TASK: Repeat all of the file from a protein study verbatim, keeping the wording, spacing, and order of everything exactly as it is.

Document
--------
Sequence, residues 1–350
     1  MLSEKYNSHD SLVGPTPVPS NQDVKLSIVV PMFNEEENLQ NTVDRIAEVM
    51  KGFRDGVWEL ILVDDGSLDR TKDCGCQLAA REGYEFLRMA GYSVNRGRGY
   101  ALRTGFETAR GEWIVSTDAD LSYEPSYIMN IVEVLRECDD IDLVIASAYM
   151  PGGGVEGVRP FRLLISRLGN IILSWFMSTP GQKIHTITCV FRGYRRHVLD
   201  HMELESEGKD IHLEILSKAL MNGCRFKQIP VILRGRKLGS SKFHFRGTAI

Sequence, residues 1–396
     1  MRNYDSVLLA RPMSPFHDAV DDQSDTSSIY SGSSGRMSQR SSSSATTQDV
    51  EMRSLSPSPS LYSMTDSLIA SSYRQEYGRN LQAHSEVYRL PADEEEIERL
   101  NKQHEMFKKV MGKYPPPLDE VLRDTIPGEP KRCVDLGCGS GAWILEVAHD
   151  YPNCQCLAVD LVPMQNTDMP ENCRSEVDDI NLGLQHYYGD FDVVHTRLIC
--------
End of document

Sequence, residues 1–350
     1  MLSEKYNSHD SLVGPTPVPS NQDVKLSIVV PMFNEEENLQ NTVDRIAEVM
    51  KGFRDGVWEL ILVDDGSLDR TKDCGCQLAA REGYEFLRMA GYSVNRGRGY
   101  ALRTGFETAR GEWIVSTDAD LSYEPSYIMN IVEVLRECDD IDLVIASAYM
   151  PGGGVEGVRP FRLLISRLGN IILSWFMSTP GQKIHTITCV FRGYRRHVLD
   201  HMELESEGKD IHLEILSKAL MNGCRFKQIP VILRGRKLGS SKFHFRGTAI

Sequence, residues 1–396
     1  MRNYDSVLLA RPMSPFHDAV DDQSDTSSIY SGSSGRMSQR SSSSATTQDV
    51  EMRSLSPSPS LYSMTDSLIA SSYRQEYGRN LQAHSEVYRL PADEEEIERL
   101  NKQHEMFKKV MGKYPPPLDE VLRDTIPGEP KRCVDLGCGS GAWILEVAHD
   151  YPNCQCLAVD LVPMQNTDMP ENCRSEVDDI NLGLQHYYGD FDVVHTRLIC